When I think of Dystopian novels I immediately pair the genre with young adult fiction. I don’t think I’m alone in this. In fact, last week the New York times made the same association. Of course if you examine the history of the genre, there are plenty of books written for and about adults: Brave New World, 1984, The Road, etc. However, with a few exceptions, in the last ten years the genre seems to have been claimed by teenaged characters and readers. While the summaries of Archetype, by M.D. Waters call the book a futuristic suspense novel, it feels like it belongs firmly in the Dystopian category. It is nice to have an author write a female-centric, Dystopian novel with adult characters and adult problems. Furthermore, this was a fun, quick read that kept me turning the page until I’d finished the novel in just two sittings (both in the same day). In Archetype, the main character Emma wakes up in a hospital with no memories. She is told she is married to Declan, who describes their loving past together, but at night she has dreams of another life, in another city, with another man. She suppresses these dreams and begins to fall in love with Declan, letting him shape her entire world view of the society they inhabit. But when she see’s Noah, the man from her dreams, she isn’t sure what to believe in: the reality she lives while she’s awake or the life she experiences when she’s asleep.
What makes the novel Dystopian is the setting, which isn’t exactly as Declan describes it to Emma. An unknown biological force has made women scarce, and fertile women a very rare commodity. I don’t want to give too much away, but let me just give you a few key words: teenage female education camps, resistance movement, genetic modification, and scientific experimentation. If you think this is beginning to sound like one of Margaret Atwood’s books, you are right. Maybe that’s why I liked it so much?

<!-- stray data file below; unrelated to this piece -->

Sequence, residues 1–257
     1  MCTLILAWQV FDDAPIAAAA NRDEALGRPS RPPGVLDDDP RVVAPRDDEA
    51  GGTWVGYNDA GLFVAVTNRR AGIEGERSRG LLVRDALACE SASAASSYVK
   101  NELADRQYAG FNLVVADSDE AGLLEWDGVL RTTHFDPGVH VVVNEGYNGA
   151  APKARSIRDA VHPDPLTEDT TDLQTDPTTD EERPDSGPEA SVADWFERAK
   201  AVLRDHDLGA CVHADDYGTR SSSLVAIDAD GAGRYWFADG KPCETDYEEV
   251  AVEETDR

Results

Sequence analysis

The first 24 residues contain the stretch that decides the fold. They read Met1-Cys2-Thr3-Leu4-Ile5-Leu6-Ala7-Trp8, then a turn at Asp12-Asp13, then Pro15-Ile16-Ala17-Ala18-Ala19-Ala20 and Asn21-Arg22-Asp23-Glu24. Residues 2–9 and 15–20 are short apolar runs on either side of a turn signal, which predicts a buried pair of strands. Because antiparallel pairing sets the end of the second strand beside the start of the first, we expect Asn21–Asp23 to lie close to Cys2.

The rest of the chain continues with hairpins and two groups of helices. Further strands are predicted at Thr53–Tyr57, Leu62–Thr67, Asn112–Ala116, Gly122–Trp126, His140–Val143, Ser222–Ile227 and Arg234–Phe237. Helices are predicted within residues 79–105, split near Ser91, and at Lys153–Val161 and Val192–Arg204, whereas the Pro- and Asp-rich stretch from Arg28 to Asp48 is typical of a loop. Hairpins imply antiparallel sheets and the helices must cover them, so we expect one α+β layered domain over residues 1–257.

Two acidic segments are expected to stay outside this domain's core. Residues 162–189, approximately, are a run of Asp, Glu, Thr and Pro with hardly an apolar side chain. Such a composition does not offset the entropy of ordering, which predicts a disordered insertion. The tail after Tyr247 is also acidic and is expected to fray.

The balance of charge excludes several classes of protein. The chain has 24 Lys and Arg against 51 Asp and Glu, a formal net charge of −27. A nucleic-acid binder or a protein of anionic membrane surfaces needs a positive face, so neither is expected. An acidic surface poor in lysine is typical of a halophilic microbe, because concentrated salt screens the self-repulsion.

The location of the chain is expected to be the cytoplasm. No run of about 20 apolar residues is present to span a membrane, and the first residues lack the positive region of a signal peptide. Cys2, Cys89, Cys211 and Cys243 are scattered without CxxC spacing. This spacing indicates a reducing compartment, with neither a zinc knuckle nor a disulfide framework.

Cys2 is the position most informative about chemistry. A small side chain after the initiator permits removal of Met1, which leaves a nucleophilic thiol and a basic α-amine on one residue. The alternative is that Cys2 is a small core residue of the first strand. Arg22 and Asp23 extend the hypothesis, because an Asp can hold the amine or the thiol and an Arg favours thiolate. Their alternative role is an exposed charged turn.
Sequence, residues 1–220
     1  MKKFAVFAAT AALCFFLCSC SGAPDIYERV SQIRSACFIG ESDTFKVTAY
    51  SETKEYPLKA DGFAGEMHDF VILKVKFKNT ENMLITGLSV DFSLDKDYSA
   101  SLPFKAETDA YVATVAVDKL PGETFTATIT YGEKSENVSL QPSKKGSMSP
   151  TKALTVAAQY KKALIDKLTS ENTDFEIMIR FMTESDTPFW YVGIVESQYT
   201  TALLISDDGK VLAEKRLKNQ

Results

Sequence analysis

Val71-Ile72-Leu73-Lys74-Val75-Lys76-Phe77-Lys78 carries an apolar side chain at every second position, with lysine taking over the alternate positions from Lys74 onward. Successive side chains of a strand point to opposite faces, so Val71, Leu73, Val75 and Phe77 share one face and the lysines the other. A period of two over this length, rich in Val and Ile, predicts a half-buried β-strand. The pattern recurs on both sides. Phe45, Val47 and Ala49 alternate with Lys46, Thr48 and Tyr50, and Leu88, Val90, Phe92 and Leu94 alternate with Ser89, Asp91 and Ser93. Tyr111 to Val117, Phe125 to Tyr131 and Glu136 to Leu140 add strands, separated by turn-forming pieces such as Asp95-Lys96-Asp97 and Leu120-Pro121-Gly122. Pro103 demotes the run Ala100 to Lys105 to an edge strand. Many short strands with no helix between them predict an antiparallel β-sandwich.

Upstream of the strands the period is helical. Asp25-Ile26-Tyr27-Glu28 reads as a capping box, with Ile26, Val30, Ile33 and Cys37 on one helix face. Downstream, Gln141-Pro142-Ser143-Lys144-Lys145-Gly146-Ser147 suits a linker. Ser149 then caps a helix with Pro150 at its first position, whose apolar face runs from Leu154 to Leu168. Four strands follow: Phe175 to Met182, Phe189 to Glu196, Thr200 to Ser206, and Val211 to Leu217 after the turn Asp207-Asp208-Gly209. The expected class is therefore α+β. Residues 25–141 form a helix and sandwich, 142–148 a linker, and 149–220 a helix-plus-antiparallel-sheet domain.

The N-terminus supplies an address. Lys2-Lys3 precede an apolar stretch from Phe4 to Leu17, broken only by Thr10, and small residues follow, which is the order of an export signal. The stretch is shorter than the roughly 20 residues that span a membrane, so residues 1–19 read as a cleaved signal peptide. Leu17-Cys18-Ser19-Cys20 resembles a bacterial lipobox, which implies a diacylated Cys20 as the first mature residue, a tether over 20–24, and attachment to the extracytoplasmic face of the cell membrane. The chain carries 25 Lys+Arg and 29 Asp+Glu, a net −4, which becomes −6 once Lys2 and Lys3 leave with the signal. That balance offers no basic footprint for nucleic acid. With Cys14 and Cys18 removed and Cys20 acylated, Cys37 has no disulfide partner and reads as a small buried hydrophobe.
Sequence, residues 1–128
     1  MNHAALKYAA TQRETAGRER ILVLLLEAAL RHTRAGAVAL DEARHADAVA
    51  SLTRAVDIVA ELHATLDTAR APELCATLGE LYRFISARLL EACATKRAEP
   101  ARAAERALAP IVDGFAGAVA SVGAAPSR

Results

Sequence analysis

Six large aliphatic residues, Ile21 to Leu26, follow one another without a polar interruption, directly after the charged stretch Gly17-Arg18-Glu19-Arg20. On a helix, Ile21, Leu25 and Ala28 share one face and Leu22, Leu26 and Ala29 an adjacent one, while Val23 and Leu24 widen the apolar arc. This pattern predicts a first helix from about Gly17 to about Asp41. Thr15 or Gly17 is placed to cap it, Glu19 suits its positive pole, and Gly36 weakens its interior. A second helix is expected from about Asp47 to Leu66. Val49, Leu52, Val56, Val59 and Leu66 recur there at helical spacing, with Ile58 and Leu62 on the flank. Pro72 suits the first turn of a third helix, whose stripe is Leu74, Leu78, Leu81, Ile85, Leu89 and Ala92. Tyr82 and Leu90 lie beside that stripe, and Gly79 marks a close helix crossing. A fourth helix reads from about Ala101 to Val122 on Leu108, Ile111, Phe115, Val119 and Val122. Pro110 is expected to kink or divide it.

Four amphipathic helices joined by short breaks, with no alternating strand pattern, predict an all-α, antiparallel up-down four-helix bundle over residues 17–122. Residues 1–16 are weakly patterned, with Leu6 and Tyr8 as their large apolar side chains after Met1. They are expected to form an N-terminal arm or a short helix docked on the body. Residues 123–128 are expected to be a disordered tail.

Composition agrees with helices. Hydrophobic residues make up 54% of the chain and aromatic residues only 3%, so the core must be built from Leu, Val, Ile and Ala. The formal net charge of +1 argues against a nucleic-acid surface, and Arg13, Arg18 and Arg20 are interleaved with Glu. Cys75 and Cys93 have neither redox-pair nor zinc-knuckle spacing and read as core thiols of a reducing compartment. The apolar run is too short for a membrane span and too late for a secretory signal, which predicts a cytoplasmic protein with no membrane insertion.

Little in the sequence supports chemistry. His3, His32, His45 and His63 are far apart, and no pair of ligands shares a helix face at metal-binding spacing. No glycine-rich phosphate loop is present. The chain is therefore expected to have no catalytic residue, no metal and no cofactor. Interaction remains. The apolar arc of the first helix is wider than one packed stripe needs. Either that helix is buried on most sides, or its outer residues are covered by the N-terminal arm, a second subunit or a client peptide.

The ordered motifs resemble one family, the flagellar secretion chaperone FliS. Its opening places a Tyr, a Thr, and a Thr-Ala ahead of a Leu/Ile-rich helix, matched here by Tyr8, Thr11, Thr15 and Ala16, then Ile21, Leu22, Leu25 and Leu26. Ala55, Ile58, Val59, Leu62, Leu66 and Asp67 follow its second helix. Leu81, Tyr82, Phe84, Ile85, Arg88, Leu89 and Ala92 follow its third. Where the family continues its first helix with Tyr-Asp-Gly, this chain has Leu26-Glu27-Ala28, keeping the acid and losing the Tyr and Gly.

You might think from the description that this story sounds a little cookie cutter or clear cut, but it isn’t. I found myself switching allegiance between Declan and Noah several times while reading. The writing of this book reads like a suspense novel. It is not literary, but it is clear, to the point, and fast-paced. It wasn’t my favorite book of all time, but it was a great way to spend a snow day.
***I received a free copy of this book from the publisher, but all the thoughts and opinions expressed in this blog post are my own.
6 thoughts on “Archetype, by M.D. Waters: A Dystopian Book for Adults”
Sounds pretty good, and an excellent review. Although I do have to wonder what’s got writers so obsessed with the female reproductive system…I’d like to see an author write about wide spread male infertility just to switch it up…(although the obsession with female reproductive rights might just be a mirror of society today, which I guess gives us something to think about).
I think a book about male infertility would be great! I would definitely want to read that book. I do think it is less of a societal worry though, i.e. biological clocks.
Very true, I just like the novelty of it. Let’s turn men into objects only valued for their fertility just to shake things up 🙂
As I said, I would read it. There is a really funny romance novel that does a gender swap for a regency romance called Ritual of Proof by Dara Joy, published in 2001. It is pretty dreadful, but a very funny read.